The purpose of fish tape hasn’t
changed since someone discovered that
getting wire through a conduit would
be simplified by “fishing” a rigid wire
through the conduit and pulling it back
out. However, fish tapes have come a
long way since the first steel pulling wire
was enclosed in a case.
Today’s tapes are made from a variety
of materials; they pay out and reel in easier and faster, and they are more durable.
In addition, a variety of accessories make
pulls faster and more efficient.
For placing voice/data/video cabling,
fish rods and poles are often used, rather
than conventional fish tapes, and fiber
optic cable requires careful handling.
Fish tapes come in a variety of materials, including steel, stainless steel,
stranded steel and fiberglass. Professional tape lengths typically range from
“Steel is a good general-purpose, fish
tape material,” said Jason Schaper, tools
and supplies product manager at Ideal
Industries, Sycamore, Ill. “Steel tape is
durable, low-cost, and known for its push
and pull strength. There have also been
improvements in steel quality, such as
moving to blue steel, which is rust-
resistant, more durable and less
likely to kink.
“Stainless steel has all of the qualities of steel with the added benefit of
rust resistance and is good for use in
underground conduit that often contains
water and condensation. Additionally, it
is favored in coastal areas where there
is airborne salt that accelerates oxidation. Laser-etched footage markers have
expanded the use of fish tape not only as
an installation tool but also to measure
conduit to allow electricians to accurately know the length of wire needed
and thus reduces waste. Nylon generally
is not used by professional electricians
because it has lower push strength and
tends to curl,” he said.
Tape length and tensile strength are
important aspects to selecting the right
type of fish tape. The larger the conduit
dimension, the thicker and stiffer the
tape needs to be to avoid jams.
Ease of payout and retrieval of the
tape is largely dictated by the case
design. Cases should allow for smooth,
quick retrieval, while preventing the
tape from kinking. Retainers keep the
tape properly positioned at the opening
and prevent breakage. Ergonomically
designed handles are stronger, slip-resistant and large enough to grasp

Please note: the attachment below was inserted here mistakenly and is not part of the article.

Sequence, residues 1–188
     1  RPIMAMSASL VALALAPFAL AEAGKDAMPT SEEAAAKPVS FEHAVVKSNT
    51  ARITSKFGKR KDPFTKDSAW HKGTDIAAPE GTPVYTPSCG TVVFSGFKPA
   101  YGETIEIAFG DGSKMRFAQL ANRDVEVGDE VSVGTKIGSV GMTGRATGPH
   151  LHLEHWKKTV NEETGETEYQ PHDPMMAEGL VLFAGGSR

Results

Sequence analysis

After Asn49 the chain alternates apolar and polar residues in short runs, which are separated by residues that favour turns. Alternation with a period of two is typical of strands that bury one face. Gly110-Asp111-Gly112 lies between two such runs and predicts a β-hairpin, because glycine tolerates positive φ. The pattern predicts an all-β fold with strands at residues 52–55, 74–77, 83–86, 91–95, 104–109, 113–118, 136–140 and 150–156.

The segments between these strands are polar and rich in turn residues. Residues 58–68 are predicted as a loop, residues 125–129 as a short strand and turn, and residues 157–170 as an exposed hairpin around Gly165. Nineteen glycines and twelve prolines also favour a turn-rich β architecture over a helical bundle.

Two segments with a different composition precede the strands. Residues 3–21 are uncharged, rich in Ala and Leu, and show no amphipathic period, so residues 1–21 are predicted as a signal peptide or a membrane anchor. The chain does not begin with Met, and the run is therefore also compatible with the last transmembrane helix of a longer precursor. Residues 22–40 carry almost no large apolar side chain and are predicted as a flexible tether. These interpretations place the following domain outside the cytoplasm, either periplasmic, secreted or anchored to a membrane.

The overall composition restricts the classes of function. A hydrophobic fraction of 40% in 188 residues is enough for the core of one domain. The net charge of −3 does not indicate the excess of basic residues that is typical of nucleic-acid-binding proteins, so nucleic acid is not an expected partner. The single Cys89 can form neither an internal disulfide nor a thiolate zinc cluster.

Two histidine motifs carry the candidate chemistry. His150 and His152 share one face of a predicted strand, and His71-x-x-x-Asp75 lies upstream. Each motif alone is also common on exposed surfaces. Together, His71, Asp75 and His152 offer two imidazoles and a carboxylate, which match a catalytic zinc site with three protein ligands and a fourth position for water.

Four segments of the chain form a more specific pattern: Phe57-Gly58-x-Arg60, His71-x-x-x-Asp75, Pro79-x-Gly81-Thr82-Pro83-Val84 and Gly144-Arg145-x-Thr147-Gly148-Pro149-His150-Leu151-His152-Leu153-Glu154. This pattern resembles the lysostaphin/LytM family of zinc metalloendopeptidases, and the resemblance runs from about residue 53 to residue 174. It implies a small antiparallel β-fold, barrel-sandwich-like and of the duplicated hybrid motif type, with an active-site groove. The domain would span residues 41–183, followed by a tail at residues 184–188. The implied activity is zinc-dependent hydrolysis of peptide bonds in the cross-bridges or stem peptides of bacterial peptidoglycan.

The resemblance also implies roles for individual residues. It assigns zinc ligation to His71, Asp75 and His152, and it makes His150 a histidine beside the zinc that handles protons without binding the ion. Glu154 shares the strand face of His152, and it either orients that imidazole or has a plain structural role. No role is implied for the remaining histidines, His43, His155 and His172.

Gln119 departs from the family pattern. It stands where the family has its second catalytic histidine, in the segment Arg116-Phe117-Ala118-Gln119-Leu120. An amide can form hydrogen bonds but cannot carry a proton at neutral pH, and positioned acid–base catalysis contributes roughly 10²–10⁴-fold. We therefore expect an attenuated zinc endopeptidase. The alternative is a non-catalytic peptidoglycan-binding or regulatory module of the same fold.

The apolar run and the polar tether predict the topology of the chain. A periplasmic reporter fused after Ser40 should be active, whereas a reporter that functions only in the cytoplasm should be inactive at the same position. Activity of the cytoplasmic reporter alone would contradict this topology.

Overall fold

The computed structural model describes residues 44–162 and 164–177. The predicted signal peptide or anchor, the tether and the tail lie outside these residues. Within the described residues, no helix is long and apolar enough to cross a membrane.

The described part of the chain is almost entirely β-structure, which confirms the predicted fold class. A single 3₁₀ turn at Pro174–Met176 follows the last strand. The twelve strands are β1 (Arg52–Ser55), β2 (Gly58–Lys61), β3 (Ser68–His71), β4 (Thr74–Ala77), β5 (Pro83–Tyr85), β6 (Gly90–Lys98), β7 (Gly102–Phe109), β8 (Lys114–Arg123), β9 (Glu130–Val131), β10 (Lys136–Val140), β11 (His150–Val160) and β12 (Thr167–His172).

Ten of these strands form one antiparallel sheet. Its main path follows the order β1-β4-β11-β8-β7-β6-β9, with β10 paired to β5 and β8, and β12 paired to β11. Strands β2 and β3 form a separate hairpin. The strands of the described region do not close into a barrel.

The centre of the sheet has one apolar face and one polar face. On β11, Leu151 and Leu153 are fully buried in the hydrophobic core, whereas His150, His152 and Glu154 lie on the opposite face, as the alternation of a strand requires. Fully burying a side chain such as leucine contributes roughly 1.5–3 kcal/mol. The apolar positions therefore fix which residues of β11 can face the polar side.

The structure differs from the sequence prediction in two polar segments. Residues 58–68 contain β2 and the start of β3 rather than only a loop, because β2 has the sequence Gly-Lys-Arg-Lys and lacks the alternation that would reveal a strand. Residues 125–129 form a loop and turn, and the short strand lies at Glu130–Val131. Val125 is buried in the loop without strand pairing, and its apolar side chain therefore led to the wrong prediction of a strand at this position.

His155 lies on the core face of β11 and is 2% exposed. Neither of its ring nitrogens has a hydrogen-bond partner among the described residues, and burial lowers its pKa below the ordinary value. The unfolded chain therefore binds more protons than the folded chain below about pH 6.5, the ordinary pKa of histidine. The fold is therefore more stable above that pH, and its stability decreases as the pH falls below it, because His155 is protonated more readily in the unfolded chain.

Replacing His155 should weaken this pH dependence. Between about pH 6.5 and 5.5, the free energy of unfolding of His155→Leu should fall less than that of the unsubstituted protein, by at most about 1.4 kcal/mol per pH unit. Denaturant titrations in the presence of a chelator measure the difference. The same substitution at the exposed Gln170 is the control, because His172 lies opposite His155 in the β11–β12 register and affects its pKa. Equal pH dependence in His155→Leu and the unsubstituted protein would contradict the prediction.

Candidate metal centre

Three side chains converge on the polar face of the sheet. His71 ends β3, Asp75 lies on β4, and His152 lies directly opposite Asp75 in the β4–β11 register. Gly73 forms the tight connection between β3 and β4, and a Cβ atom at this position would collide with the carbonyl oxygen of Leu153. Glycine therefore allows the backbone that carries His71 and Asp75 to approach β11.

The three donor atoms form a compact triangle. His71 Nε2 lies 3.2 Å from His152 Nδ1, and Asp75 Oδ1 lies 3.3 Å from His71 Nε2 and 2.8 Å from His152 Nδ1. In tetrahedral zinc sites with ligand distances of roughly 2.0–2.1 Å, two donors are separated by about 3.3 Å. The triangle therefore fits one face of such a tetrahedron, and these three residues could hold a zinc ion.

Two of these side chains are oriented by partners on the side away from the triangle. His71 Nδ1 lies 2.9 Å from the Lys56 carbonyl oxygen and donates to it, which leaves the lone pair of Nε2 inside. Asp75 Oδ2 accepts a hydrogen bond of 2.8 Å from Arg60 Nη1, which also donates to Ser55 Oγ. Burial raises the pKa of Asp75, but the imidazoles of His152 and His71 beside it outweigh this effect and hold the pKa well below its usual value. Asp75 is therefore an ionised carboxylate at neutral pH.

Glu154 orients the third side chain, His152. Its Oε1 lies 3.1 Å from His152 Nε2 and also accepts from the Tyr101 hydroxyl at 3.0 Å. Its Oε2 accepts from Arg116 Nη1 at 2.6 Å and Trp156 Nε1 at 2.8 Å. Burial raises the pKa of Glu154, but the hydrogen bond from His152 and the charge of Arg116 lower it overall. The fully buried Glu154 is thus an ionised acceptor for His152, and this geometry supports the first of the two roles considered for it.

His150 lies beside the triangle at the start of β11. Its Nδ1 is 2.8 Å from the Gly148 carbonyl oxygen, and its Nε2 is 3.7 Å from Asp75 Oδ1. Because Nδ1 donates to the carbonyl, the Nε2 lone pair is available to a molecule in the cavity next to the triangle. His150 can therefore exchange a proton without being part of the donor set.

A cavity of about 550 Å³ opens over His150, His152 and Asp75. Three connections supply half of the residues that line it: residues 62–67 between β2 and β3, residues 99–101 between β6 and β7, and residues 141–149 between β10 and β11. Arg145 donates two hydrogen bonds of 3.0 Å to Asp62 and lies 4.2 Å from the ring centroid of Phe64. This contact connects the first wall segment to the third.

from the top or the side, even when
“Wire-pulling lubricant is an essen-
tial tool for all wire and cable installers
and helps prevent cable failures caused
by excessive pulling stresses,” Schaper
said. “The best lubricant will help
keep cable from twisting, scraping and
stretching as it is pulled through the con-
duit. Lubricants make the work easier
and faster, saving on labor costs.”
Fish poles simplify the installation
of electrical and data cables in walls,
roof voids, raised floors and suspended
ceilings. The poles also assist wire pulls
in areas where insulation is already
installed. Most are nonconductive and
can be used with different cable and
“One of the biggest areas of improvement we hear about is the need to make
reading the numbers on the tape easier,”
said Sumeet Pujari, senior product manager at Greenlee, Rockford, Ill.
To address this, look for fish tapes
with laser-etched numbers. These distance markings are etched into the steel
every inch for maximum readability, and
diamond-shaped marks remain legible
over the life of the fish tape, compared
to the standard hash mark.
“Also look for fish tapes that have
measurement in both feet and meters,”
Pujari said. “This will help improve
productivity by saving time because it
eliminates a separate measuring step
during the installation process.”
How easily fish tapes can be wound
is very important.
“A fish tape that is housed in a self-tensioning case for easy winding is the
best,” Pujari said. “Some of the wide,
impact-resistant rewinder cases come
with viewports to ensure the tape fits
back in the case. A retaining strap is on
the inside to hold tape secure. Fish tapes
with a sturdy thumb control assure that
winding and rewinding can be done
quickly and easily.
“The biggest influencing factor
for metal tapes is rust. Conventional
steel rusts, causing added friction and
shortened lifespan of the tape. Look for
corrosion-resistant wire that has the
same strength as conventional steel tape
but comes with smooth plating,” he said.
FISH TAPES ARE ESSENTIAL BASIC TOOLS that are easy to take for granted, but
imagine pulling cable through on a large commercial job without them.
COOLTOOLS BY JEFF GRIFFIN